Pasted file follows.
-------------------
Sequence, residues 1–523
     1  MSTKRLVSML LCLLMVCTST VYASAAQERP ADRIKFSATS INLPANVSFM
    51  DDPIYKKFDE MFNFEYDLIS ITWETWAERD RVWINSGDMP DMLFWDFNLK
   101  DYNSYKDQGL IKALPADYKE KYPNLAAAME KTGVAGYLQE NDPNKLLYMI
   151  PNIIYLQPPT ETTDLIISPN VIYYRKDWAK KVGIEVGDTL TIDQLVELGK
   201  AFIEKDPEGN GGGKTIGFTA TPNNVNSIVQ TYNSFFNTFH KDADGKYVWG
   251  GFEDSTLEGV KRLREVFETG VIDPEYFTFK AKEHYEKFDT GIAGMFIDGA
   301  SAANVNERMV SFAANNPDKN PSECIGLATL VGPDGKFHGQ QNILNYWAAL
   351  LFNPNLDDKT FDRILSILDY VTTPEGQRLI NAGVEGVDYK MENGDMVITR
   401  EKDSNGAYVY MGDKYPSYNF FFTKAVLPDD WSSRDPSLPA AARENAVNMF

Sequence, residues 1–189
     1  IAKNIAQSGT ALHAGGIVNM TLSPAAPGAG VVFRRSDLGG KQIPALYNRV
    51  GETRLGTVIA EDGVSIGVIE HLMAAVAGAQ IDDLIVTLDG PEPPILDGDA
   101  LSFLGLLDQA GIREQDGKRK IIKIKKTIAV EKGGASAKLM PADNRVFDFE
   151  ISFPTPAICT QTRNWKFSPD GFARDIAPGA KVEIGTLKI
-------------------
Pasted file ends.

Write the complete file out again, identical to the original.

Sequence, residues 1–523
     1  MSTKRLVSML LCLLMVCTST VYASAAQERP ADRIKFSATS INLPANVSFM
    51  DDPIYKKFDE MFNFEYDLIS ITWETWAERD RVWINSGDMP DMLFWDFNLK
   101  DYNSYKDQGL IKALPADYKE KYPNLAAAME KTGVAGYLQE NDPNKLLYMI
   151  PNIIYLQPPT ETTDLIISPN VIYYRKDWAK KVGIEVGDTL TIDQLVELGK
   201  AFIEKDPEGN GGGKTIGFTA TPNNVNSIVQ TYNSFFNTFH KDADGKYVWG
   251  GFEDSTLEGV KRLREVFETG VIDPEYFTFK AKEHYEKFDT GIAGMFIDGA
   301  SAANVNERMV SFAANNPDKN PSECIGLATL VGPDGKFHGQ QNILNYWAAL
   351  LFNPNLDDKT FDRILSILDY VTTPEGQRLI NAGVEGVDYK MENGDMVITR
   401  EKDSNGAYVY MGDKYPSYNF FFTKAVLPDD WSSRDPSLPA AARENAVNMF

Sequence, residues 1–189
     1  IAKNIAQSGT ALHAGGIVNM TLSPAAPGAG VVFRRSDLGG KQIPALYNRV
    51  GETRLGTVIA EDGVSIGVIE HLMAAVAGAQ IDDLIVTLDG PEPPILDGDA
   101  LSFLGLLDQA GIREQDGKRK IIKIKKTIAV EKGGASAKLM PADNRVFDFE
   151  ISFPTPAICT QTRNWKFSPD GFARDIAPGA KVEIGTLKI